Remember Steinbeck’s “The Old Man and the Sea”? It is a striking image of a curmudgeonly type of grisled character trolling the waters aimlessly. As it relates to modern day commercial fishing in America, particularly New England, nothing could be further from the truth. New 21st century approaches to fishing are addressing the negative perceptions ascribed to both wild fishing and fish farming that date back decades. Practices like wild catch, stricter catch quotas, protections against accidental ‘by catch’ and restrictions on the ‘days at sea’ have all improved the status of the fishing profession and the US stocks of fish. Today, roughly 84 percent of all 400-plus stocks managed by the National Oceanographic and Atmospheric Administration are neither over fished nor subject to over fishing. Those who fish commercially, which one could argue represents America’s first industry, have entered a postindustrial age, using high tech tools to better do their job and protect the environment. If you, like a growing number of people, like great fish I think you’ll be amazed and heartened at the story Nicholas Sullivan tells in his new book, “The Blue Revolution” and shares with us on this podcast.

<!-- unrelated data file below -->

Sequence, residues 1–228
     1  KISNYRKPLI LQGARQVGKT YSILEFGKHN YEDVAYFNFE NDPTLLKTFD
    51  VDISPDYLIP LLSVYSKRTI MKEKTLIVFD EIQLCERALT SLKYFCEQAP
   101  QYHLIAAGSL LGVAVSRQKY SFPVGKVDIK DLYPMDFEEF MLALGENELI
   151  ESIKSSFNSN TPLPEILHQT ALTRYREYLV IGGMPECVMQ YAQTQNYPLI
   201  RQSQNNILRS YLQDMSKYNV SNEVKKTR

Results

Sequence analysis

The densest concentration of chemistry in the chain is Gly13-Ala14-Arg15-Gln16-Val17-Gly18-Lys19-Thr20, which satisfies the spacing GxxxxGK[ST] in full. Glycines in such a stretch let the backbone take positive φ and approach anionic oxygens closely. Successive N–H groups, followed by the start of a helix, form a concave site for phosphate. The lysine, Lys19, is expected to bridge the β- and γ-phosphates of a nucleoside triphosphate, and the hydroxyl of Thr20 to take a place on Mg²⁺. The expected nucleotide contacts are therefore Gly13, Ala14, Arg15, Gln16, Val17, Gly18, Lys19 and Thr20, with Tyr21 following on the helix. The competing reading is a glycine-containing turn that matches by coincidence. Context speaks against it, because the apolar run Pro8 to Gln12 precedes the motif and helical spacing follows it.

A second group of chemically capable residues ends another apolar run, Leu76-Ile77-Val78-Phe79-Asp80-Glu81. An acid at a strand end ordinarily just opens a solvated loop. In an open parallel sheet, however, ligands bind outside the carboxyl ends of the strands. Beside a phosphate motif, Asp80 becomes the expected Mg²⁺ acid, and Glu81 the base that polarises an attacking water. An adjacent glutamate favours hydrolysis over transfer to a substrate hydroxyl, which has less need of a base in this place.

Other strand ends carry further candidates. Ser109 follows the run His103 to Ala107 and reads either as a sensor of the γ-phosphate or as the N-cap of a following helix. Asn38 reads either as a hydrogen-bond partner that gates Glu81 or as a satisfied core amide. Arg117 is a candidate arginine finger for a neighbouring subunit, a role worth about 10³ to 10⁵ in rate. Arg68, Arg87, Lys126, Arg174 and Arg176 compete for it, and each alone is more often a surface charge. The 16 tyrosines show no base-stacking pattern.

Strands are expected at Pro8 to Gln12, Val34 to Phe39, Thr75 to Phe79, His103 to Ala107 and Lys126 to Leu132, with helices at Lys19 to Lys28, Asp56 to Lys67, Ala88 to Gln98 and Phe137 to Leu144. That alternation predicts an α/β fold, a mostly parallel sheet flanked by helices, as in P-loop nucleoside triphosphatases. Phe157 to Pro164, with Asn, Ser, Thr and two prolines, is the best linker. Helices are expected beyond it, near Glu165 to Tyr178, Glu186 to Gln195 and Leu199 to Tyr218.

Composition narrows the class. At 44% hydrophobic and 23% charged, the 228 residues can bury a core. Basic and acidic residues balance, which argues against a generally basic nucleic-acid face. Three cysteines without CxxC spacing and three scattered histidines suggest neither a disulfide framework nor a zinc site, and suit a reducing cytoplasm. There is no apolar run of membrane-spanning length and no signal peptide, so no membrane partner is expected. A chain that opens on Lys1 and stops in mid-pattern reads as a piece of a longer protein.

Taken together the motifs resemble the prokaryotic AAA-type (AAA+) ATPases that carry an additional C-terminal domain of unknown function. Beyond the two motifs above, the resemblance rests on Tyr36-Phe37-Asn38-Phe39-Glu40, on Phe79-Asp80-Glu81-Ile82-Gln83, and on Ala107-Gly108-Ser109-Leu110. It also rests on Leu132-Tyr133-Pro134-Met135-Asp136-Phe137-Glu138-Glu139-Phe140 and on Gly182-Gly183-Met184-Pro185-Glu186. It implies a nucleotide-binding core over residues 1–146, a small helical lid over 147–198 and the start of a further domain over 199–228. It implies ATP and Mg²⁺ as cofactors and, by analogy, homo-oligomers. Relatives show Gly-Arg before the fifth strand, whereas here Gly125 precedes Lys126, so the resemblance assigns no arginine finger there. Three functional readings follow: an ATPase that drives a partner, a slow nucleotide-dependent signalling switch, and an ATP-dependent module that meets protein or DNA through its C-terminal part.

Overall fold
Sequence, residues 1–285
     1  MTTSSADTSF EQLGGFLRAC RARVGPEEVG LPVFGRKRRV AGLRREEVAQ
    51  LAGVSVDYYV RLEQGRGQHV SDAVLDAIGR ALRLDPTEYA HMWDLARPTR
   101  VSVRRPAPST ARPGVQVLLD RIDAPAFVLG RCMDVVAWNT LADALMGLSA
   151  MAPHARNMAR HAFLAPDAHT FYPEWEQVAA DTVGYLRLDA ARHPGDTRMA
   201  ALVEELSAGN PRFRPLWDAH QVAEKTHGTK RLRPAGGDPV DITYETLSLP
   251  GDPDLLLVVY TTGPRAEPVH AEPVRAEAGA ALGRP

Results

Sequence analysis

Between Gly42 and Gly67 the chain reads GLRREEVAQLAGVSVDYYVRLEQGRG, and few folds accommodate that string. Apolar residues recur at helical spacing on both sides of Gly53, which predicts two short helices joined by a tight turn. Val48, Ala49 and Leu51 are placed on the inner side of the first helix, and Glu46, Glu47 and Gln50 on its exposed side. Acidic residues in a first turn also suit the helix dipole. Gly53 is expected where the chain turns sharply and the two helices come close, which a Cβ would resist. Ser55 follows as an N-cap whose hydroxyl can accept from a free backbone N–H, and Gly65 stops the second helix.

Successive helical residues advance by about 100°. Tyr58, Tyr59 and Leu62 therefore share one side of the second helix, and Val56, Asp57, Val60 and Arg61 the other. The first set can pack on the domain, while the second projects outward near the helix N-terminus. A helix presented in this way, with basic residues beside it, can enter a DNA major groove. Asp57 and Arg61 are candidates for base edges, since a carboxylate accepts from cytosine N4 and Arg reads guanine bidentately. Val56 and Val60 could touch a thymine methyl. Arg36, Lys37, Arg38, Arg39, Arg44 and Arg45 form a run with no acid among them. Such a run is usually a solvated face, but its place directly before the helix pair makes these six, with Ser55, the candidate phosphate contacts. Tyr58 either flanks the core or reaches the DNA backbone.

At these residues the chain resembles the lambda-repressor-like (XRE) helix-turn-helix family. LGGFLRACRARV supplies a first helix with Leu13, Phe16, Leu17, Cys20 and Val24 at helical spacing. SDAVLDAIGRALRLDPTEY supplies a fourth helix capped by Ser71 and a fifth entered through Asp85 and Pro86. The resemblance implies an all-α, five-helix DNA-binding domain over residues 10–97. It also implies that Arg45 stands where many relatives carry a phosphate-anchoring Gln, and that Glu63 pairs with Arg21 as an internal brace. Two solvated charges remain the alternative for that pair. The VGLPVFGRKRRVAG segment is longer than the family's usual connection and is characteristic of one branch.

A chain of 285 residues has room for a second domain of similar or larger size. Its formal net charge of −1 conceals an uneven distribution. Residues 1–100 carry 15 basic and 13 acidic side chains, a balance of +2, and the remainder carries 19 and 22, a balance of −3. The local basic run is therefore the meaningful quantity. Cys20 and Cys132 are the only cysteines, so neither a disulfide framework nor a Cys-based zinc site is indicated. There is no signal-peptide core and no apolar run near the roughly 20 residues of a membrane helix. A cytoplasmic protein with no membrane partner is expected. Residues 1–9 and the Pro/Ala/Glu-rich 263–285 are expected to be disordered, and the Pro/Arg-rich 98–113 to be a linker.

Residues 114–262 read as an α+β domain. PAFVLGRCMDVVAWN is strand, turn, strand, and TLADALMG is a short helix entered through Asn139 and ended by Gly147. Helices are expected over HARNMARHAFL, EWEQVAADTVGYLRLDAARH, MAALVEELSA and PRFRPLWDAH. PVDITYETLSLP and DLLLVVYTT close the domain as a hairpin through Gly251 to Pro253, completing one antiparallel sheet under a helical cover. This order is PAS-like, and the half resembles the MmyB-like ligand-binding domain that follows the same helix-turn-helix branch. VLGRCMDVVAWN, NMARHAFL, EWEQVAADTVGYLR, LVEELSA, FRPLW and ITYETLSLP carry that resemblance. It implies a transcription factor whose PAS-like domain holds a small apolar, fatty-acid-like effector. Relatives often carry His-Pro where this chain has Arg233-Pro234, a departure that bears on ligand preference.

It is very hard to typify what America’s relationship is with China. We are economically co-dependent and yet we’re competitors. Some say we’re frenemies in the world; yet others say be realistic and recognize that they are adversaries, growing into potential enemies, based upon their growing defense posture and designs on Taiwan. And when we do business with Chinese companies are we actually dealing with an increasingly aggressive and controlling Chinese Communist Party? As consumers we must admit that while we like the low prices, there may be a high price to pay in propping up this regime and limiting jobs opportunities in the United States. I told you this was complicated. Our guest, Isaac Stone Fish, author of ‘America 2nd’ has lived in China over the years and understands the subtleties of the relationship in its many forms. He clearly draws a distinction between the actions of The Party and the culture of the people and one of the world’s oldest civilizations. He also provokes us to think about what each country wants from the other and the unwitting help that many influential Americans have given China as they accept the money and prestige that their dealings with the country may provide.